Beef recall affects local school districts

Local students are seeing school menus change as the fallout from the largest meat recall in U.S. history continues.

Two weeks ago, Chino, Calif.-based Hallmark/Westland Meat Packing Co., after a series of undercover investigations, was made the subject of a USDA probe to see if their meat-packing and animal-treatment practices were unhealthy.

Scrutiny was placed on the plant's practice, confirmed by the government, of putting "downer" or sick cows (those too injured or unhealthy to stand), into the nation's food supply.

Normally, a USDA veterinarian is assigned to slaughterhouses to make sure each downer cow is not diseased - a process that did not take place, according to undercover footage shot by the Humane Society.

In the wake of the reports, Secretary of Agriculture Ed Schafer said, "Because the cattle did not receive complete and proper inspection, Food Safety and Inspection Service has determined them to be unfit for human food and the company is conducting a recall."

About a quarter of the estimated 143 million pounds of recalled meat was sent to schools and federal nutrition programs in 36 states - including Nevada.

"We originally got our notice that there was a problem on Jan. 31 a little after 9 a.m.," said Millie Andrews, director of nutritional services for the Lyon County School District. "They originally told us to mark certain meat we got from (Westland) and they asked us to take an inventory of what we had.

"The following day, more things were added to the (contaminated) list. All the meat's been marked and we're waiting to find out what's going to be done. Nobody's been sick, however."

Andrews said chances are the company will dispose of the meat or let local school district officials know the proper way to dispose of it themselves.

In the meantime, school menus have been altered, she said.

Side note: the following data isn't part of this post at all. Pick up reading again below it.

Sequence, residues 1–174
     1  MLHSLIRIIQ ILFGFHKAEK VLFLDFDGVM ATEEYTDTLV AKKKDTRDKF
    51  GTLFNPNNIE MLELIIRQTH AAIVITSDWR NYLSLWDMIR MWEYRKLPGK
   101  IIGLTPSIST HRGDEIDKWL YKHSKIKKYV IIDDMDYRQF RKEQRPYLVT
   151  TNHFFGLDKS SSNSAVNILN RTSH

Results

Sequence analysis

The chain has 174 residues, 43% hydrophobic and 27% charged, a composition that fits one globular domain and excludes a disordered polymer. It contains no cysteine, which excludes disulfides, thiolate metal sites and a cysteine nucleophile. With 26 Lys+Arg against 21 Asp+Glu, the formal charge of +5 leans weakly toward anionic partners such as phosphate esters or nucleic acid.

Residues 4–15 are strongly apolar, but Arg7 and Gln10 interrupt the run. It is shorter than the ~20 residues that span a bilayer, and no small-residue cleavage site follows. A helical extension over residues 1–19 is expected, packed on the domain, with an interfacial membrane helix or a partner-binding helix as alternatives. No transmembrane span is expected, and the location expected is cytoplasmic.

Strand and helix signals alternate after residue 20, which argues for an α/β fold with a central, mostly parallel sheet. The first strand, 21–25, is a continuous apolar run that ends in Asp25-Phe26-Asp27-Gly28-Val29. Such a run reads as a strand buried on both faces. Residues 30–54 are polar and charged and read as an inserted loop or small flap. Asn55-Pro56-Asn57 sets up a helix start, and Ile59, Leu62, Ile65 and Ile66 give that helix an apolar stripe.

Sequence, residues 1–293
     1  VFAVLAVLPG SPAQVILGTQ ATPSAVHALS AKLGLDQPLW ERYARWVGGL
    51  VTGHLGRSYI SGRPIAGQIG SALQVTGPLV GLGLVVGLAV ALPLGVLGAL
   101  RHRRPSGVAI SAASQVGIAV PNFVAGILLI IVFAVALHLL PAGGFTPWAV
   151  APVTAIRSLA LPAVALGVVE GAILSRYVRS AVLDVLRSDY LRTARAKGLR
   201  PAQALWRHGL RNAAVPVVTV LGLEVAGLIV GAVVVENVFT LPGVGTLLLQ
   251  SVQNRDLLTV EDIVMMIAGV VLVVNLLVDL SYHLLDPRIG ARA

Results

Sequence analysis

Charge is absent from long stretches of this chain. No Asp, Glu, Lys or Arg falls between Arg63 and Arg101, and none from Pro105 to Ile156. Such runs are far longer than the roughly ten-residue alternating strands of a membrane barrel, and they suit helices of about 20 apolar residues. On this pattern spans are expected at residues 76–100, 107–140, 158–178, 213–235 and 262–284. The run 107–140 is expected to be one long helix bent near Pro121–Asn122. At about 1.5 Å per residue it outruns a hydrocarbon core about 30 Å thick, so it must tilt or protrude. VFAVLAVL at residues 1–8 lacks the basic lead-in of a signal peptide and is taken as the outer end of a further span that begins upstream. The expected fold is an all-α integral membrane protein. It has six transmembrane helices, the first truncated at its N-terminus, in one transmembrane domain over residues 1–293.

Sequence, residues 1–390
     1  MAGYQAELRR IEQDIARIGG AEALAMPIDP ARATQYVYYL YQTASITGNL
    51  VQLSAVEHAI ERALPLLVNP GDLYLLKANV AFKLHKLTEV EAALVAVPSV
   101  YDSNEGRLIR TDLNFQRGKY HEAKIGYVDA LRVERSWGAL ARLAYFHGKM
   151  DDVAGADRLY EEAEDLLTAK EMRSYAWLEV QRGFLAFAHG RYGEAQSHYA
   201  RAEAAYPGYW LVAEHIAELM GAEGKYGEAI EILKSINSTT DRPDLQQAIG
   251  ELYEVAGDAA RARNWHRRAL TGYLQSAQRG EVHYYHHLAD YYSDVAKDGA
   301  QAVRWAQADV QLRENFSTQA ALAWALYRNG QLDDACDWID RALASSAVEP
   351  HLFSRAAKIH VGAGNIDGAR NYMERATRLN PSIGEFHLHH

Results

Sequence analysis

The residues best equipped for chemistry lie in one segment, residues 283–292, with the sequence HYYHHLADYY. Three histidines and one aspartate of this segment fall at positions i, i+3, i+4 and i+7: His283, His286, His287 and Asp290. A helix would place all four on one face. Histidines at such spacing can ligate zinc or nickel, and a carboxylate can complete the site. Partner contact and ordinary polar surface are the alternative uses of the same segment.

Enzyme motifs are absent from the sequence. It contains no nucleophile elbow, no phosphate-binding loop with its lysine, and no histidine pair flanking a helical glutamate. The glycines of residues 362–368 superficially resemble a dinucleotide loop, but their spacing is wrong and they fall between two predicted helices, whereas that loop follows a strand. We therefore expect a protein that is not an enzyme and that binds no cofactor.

"No, our kids aren't all vegetarian yet," Andrews joked. "But we've had to make some menu changes during this time.

"It's been interesting and some (menu standards) are not available."

Carson City School District Superintendent Dr. Mary Pierczynski confirmed Tuesday her district also has quarantined meat for eventual disposal.

"We have not destroyed the product but it's certainly marked for no-use," she said. "We've not had any illness, not had any children become sick.

"We're waiting for directions on the meat's (disposal) and we'd like to get a refund for any money we spent on the commodities. It's a money issue as well."

In the weeks following the initial meat scare, activists have encouraged parents, teachers and volunteers of local school districts to contact legislators and encourage them to find an alternative in school lunches to simply providing just the baseline food supply to students.

The current criteria for obtaining contracts to supply beef to the National School Lunch Program is lowest price regardless of how many previous safety violations the facility has been cited.

Local school nutrition experts agree the meat scare may be a wake-up call for state and federal governments to revisit the merits of current school lunch programs.

Andrews said most of the school districts in Northern Nevada get food through a state commodity program in Reno.

"Part of what the (food) commodities is for is to help the program be able to function," she said. "One of the things we've been pushing the government to do is meet wellness guidelines.

"The government started a wellness program, but what we're able to offer doesn't always meet those guidelines."

Area school district officials said they hoped the beef earmarked for disposal would be eradicated by week's end.

Fast-food chains who purchased beef from Westland/Hallmark include California-based Jack In the Box and In-N-Out.


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